If Republicans retain the Senate, it’s likely that they will prevent Clinton from filling Supreme Court vacancies. Notably, almost nobody in the party is intervening to promise swift confirmation for qualified nominees, to counter those who are promising indiscriminate obstruction. This would amount to a legitimation crisis, unprecedented in our modern history, but astonishingly it wouldn’t constitute the most troubling possible outcome.
If Democrats reclaim the Senate, but can only confirm Clinton’s nominees by further eroding the filibuster, Republican voters will extend the presumption of illegitimacy from Clinton to her nominees and then to their legally binding decisions. Filling the existing vacancy with a liberal justice would effectively turn the Roberts Court into the Kagan Court, which would begin issuing decisions that conservatives abhor almost immediately. But if conservatives perceive the president who appointed the decisive justice as illegitimate, they will reject the new Court’s rulings and pressure their state governments to annul them. (If you think Republican states wouldn’t ignore court orders out of sheer determination or panic, you haven’t been paying attention this election cycle.)
A Republican-controlled Senate could make mischief well beyond judicial vacancies, too, by denying Clinton a cabinet or refusing to fill key administrative vacancies in agencies across government. Imagine, for instance, that Republicans investigate Clinton’s administration—as they’ve prematurely promised to do—and she claims executive privilege over White House communications. Republicans can simply refuse to confirm any more nominees of any kind until she hands the information over. They could concoct nearly any excuse for doing this, in fact, or they could do it just for sport.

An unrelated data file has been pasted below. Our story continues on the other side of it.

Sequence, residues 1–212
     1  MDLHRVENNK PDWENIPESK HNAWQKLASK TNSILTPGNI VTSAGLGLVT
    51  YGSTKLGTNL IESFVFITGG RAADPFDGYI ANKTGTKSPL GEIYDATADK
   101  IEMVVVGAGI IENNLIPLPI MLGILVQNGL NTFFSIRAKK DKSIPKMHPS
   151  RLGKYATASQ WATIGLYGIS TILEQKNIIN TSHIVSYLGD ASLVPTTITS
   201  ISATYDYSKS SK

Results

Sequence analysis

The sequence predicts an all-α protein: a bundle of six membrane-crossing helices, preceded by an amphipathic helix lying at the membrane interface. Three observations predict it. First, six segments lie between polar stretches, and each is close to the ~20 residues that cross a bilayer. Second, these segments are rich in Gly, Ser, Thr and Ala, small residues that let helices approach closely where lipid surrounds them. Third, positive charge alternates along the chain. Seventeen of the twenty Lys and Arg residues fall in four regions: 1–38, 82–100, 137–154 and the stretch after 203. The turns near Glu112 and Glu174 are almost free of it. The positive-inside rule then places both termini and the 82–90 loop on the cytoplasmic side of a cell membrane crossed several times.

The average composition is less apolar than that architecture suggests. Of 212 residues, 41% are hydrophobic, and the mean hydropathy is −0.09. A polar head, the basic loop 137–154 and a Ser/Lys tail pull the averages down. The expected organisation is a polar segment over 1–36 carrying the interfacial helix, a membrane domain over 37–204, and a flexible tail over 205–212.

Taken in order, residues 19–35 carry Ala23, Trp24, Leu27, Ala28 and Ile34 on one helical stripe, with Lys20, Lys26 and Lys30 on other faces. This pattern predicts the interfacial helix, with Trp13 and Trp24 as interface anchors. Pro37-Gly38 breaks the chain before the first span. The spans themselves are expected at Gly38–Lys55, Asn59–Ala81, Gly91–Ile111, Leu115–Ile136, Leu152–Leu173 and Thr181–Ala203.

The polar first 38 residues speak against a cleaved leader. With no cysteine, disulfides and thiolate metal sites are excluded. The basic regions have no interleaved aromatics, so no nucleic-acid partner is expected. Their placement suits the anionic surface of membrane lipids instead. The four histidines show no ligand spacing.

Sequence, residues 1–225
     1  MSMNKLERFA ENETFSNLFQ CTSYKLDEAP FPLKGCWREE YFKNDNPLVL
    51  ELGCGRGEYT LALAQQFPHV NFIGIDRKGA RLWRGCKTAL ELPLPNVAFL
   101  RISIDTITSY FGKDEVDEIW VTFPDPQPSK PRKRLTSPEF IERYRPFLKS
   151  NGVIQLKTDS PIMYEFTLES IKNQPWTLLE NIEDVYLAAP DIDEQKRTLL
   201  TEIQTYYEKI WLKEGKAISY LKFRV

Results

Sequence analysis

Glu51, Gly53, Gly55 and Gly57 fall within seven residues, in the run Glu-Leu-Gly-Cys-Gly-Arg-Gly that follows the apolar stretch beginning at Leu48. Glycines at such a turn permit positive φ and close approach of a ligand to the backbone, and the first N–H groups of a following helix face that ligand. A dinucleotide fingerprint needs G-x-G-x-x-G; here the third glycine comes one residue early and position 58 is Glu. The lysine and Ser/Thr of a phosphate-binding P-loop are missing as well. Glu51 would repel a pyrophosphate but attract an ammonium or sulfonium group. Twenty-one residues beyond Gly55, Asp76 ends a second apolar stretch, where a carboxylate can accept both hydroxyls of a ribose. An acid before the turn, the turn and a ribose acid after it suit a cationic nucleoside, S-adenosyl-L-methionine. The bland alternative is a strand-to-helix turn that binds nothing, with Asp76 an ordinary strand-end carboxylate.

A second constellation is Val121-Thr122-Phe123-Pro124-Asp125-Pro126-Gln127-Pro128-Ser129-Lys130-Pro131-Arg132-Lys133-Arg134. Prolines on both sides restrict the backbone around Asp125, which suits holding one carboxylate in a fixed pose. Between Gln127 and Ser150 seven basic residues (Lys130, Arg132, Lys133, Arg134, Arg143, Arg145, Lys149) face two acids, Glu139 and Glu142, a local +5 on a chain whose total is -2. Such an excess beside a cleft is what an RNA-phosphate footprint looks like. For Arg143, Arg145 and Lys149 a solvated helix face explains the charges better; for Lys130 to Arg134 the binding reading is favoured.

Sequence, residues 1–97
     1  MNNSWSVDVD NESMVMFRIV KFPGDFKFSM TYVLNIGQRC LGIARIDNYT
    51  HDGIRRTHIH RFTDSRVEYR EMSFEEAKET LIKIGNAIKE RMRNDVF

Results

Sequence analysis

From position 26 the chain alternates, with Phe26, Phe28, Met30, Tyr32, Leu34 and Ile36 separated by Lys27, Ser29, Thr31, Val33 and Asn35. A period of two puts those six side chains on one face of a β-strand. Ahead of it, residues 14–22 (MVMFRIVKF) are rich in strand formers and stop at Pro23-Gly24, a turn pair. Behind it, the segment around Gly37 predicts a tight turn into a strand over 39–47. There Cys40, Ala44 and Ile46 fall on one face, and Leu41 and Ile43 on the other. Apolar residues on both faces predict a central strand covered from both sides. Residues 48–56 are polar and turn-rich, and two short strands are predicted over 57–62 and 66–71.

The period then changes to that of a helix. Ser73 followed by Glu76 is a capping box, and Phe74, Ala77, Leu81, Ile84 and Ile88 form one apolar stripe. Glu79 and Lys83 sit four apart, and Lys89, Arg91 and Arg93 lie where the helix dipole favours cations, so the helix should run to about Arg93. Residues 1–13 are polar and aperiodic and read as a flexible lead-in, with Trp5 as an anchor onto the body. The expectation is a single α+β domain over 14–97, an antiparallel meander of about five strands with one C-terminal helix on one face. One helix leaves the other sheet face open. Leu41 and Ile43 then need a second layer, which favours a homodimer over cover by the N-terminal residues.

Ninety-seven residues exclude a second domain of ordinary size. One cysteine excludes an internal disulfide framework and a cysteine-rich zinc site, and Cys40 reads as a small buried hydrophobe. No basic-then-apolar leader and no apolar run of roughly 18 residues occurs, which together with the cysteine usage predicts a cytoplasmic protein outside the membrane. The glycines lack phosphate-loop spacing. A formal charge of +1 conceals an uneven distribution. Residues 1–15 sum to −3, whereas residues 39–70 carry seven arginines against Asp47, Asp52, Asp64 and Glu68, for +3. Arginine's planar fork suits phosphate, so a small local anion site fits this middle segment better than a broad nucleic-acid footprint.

When Clinton refuses to sign legislation to repeal the Affordable Care Act or cut taxes regressively or privatize Medicare, Republicans can attach those measures to legislation increasing the debt limit. An illegitimate president’s veto is itself illegitimate, after all, so the logical next step would be to impose a GOP agenda by extortion. When she calls their bluff, they’ll either back down, or destroy the economy and the international assumption of U.S. creditworthiness. Under Obama they caved; under Clinton it’s not clear they would.
These are just a few extreme possibilities. At a less apocalyptic level, Republicans could simply refuse to pass emergency appropriations after natural disasters. Under Obama, they sought and failed to condition disaster relief on cuts to unrelated domestic discretionary programs and specific bêtes noires like Planned Parenthood; under Clinton they might decide to stand pat, or simply to let flood, earthquake, tornado, and hurricane-ravaged communities fend for themselves.
Those of us contemplating a post-Trump GOP haven’t put our imaginations to full use. Under Obama, Republicans grounded government to a halt. Under Clinton, they may break it altogether. The closer Republicans come to victory on November 8, the more emboldened they will be. This is yet another reason why they deserve to be robbed throughly of their power.